The 2009 Institute of Medicine guidelines recommend 11-20 pounds of weight gain during pregnancy for women with BMI ≥30, with 1.1-4.4 of this in the first trimester. However, many women are unaware of this and do not monitor their weight prior to initiating prenatal care. This study compares self-reported pre-pregnancy weight versus first prenatal visit weight in an obese, low-income population.METHODS:
A retrospective cohort of 1,440 women receiving care at a large Medicaid clinic from 2013-2016 with BMI ≥30 was reviewed. Women who initiated prenatal care before 14 weeks gestation were included. Self-reported pre-pregnancy weight was compared with weight at first prenatal visit using paired t-test. Demographic data was compared using unpaired t-test and ANOVA.RESULTS:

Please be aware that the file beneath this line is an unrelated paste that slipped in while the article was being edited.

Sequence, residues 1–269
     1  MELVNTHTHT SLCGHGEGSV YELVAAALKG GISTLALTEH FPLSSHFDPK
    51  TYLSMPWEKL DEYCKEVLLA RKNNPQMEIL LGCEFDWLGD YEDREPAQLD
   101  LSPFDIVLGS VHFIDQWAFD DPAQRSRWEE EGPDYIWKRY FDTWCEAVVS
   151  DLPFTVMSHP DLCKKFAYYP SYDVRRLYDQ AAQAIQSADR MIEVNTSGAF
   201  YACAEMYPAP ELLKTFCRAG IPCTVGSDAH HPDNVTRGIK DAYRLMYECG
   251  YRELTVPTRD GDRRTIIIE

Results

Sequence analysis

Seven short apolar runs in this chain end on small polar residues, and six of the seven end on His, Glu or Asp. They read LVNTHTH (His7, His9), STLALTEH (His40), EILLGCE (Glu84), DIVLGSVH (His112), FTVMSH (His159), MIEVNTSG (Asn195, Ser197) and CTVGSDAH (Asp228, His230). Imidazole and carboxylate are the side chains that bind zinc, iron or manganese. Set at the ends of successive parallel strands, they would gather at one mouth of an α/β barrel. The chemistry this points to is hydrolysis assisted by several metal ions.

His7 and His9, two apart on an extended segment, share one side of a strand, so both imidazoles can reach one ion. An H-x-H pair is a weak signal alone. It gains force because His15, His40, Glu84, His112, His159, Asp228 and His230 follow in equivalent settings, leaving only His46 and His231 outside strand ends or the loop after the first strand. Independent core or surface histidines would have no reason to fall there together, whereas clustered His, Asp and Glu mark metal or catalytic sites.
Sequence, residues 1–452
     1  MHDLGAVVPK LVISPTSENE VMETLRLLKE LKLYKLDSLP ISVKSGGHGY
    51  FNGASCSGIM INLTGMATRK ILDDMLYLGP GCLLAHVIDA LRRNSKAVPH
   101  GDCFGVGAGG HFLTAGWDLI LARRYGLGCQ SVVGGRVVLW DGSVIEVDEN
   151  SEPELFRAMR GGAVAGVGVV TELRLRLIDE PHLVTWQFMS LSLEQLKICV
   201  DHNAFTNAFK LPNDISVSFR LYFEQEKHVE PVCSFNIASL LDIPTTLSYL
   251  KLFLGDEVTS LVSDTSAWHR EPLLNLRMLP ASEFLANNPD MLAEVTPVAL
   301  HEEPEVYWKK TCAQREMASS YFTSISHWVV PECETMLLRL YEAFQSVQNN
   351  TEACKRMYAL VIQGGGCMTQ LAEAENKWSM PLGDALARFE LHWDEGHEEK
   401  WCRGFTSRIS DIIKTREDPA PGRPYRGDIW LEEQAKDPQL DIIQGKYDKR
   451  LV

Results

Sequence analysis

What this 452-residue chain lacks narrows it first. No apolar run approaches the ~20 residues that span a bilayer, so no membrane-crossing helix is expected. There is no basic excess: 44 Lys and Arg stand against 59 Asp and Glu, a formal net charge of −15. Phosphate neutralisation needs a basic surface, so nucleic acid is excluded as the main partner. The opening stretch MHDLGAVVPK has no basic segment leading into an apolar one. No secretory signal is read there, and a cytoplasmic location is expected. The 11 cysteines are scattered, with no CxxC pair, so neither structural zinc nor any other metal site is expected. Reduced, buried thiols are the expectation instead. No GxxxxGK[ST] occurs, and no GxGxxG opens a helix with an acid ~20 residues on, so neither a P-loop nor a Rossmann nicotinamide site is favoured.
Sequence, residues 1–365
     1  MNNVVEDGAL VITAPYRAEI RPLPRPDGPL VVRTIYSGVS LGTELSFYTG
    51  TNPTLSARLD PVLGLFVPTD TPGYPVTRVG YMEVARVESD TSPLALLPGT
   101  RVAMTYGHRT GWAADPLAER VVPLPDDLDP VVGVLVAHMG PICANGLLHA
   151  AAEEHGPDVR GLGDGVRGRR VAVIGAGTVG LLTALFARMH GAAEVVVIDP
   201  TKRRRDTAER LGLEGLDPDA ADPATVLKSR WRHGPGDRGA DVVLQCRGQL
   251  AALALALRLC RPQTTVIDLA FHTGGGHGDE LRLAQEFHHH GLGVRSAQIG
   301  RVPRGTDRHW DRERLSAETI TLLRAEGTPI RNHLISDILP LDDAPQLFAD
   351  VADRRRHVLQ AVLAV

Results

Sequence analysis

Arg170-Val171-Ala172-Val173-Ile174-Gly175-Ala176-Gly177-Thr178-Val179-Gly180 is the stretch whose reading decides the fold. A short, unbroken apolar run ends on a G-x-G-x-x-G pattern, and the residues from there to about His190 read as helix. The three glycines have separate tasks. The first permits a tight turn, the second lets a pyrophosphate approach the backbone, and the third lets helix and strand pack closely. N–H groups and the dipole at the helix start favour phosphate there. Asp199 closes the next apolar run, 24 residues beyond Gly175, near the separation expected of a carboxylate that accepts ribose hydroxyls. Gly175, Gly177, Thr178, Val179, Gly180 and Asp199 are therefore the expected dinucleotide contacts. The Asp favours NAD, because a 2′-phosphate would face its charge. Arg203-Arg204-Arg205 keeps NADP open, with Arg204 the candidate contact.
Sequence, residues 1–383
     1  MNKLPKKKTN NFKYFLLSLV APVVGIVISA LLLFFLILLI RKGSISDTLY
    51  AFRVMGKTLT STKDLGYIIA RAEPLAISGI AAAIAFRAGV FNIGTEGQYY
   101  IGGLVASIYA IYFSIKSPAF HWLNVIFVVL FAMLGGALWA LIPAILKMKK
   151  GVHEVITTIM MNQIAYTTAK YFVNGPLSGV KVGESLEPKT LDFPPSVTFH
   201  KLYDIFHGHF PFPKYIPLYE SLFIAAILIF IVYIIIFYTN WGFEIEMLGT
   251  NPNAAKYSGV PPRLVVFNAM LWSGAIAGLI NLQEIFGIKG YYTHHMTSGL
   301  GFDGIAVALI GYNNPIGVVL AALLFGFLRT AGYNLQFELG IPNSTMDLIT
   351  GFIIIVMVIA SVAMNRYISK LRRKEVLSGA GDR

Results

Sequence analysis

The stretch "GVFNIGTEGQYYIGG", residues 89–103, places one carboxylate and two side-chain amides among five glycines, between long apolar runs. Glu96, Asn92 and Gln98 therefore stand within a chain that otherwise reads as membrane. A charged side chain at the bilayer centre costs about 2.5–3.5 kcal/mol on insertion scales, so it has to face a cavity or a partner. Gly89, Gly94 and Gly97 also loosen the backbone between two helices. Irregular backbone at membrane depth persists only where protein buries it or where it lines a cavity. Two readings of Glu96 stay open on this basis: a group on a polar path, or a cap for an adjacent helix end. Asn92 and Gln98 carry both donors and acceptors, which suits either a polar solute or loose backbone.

Inclusion criteria was met by 842 women, with mean gestational age of 9.2 weeks. Pre-gravid weight varied significantly from initial prenatal care weight, with mean absolute difference of 5.4 pounds (P<.001). 30.7% of patients had an increase in weight of greater than 5 pounds. There was no statistical significance between weight difference in planned versus unplanned pregnancies (P=.50). Patients with BMI>40 had a smaller difference between reported and first visit weights than those with BMI 30-34.9 (mean 0.64 vs 2.83 pounds, P<0.01).CONCLUSION:
In an obese, low-income population, self-reported and initial first-trimester visit weight can differ significantly. It is unclear if this is due to poor recall of pre-pregnancy weight or early weight gain. More awareness of pre-pregnancy weight and the guidelines regarding weight gain are needed prior to the initiation of prenatal care.